Orientation in reality, cognitive retraining and other cognitive-oriented therapies are used to reduce the cognitive deficit. Orientation in reality consists in presenting information about the time, location and personality of the patient in order to facilitate their awareness of the situation and their own place in it. In turn, cognitive retraining is carried out to improve the impaired abilities of the patient, who is given tasks that require mental exertion. Some improvement in cognitive abilities was noted with the use of both the first and second methods, but in some studies this effect disappeared with time and negative manifestations were noted, for example, patient frustration.
Stimulating therapies include art therapy, music therapy, as well as types of therapy in which patients communicate with animals, exercise, and any other restorative activity. Stimulation, according to research, has a moderate effect on behavior and mood, and even less on the level of functioning. Be that as it may, such therapy is carried out mainly to improve the daily lives of patients.
Prevention of Alzheimer’s Disease
Intellectual activity, including the fascination with the game of chess, and regular communication correlate with a reduced risk of developing Alzheimer’s disease, according to epidemiological studies, however, a causal link has not yet been proven.
International studies designed to assess how this or that measure can slow down or prevent the onset of the disease often give conflicting results. To date, there is no solid evidence of the preventive effect of any of the factors considered. At the same time, epidemiological studies suggest that some corrective factors — diet, cardiovascular risk, medication, mental activity, and others — are associated with the likelihood of developing the disease. However, real evidence of their ability to prevent illness can be obtained only in the course of additional study, which will include clinical studies.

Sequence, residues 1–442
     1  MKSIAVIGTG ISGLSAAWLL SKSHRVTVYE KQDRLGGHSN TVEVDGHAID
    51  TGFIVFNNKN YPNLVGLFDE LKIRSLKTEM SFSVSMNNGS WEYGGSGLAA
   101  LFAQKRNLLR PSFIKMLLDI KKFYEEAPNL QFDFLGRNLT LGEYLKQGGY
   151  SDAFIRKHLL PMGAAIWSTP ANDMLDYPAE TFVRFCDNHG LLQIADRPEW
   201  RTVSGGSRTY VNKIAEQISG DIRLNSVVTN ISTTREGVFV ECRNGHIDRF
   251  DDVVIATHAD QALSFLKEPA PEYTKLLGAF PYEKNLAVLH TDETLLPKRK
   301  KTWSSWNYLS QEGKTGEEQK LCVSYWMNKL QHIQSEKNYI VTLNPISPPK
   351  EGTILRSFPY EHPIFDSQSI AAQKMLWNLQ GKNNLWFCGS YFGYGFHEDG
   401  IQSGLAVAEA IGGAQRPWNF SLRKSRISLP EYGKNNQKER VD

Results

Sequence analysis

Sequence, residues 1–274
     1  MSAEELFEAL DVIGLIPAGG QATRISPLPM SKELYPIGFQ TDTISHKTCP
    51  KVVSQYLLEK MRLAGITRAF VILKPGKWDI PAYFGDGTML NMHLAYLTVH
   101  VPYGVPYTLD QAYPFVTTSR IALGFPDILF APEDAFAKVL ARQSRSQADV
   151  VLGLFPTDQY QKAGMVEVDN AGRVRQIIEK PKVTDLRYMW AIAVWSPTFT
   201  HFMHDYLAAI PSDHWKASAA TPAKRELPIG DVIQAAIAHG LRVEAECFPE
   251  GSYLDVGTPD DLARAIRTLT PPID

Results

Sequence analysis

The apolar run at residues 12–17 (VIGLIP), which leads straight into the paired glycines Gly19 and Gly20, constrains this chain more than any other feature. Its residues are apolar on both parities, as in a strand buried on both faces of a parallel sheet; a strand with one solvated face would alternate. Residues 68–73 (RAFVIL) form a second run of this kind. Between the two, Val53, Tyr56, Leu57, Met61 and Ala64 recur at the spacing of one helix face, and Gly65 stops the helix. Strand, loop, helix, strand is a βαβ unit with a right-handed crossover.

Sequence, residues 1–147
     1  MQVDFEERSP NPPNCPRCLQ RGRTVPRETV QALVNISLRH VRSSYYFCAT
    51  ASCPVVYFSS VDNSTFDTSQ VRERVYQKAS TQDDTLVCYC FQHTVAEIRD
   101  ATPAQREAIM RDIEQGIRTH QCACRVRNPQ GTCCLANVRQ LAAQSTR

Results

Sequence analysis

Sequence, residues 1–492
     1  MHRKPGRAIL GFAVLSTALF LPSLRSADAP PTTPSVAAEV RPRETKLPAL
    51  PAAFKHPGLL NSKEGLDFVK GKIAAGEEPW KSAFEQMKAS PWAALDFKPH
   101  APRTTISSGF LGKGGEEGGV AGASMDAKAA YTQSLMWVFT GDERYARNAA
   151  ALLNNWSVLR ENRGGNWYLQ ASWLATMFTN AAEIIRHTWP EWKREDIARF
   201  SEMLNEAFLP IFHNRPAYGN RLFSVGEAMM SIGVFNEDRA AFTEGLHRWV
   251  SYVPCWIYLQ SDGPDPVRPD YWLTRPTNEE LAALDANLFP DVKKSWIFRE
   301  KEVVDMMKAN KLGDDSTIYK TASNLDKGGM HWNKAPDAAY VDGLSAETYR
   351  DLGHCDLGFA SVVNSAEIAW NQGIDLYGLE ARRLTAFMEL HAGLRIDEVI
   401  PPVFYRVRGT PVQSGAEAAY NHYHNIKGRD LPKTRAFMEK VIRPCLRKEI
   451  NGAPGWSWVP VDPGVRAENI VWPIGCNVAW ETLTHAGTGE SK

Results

Ingredients of the Mediterranean diet, including fruits and vegetables, bread, wheat and other cereals, olive oil, fish and red wine, may, individually or together, reduce the risk and alleviate the course of Alzheimer’s disease. Acceptance of some vitamins, including B12, B3, C and folic acid, has been associated with a reduced risk of developing the disease in some studies, but other studies indicate the absence of a significant effect on the onset and course of the disease and the likelihood of side effects. Curcumin, which is contained in a common spice, when tested in mice showed some ability to prevent certain pathological changes in the brain.
Risk factors for cardiovascular diseases, such as high cholesterol and hypertension, diabetes, smoking, are associated with an increased risk and more severe course of Alzheimer’s disease, but cholesterol-lowering drugs (statins) have not been effective in preventing it or improving the condition of patients. The long-term use of nonsteroidal anti-inflammatory drugs is associated with a reduced likelihood of developing the disease in some people. Other medications, such as hormone replacement therapy in women, are no longer considered effective in preventing dementia. A systematic review of ginkgo biloba, conducted in 2007, indicates the inconsistent and inconclusive nature of the evidence on the effects of the drug on cognitive impairment, and another study suggests that there is no effect on the incidence.
Intellectual exercises, such as reading, board games, solving crossword puzzles, playing musical instruments, regular communication, may possibly slow the onset of the disease or mitigate its development. Bilingual knowledge is associated with a later onset of Alzheimer’s disease.
Some studies suggest an increased risk of Alzheimer’s disease in those people whose work involves exposure to magnetic fields, ingestion of metals, especially aluminum, or the use of solvents. Some of these publications have been criticized for their poor quality of work; moreover, other studies have not found a link between environmental factors and the development of Alzheimer’s disease.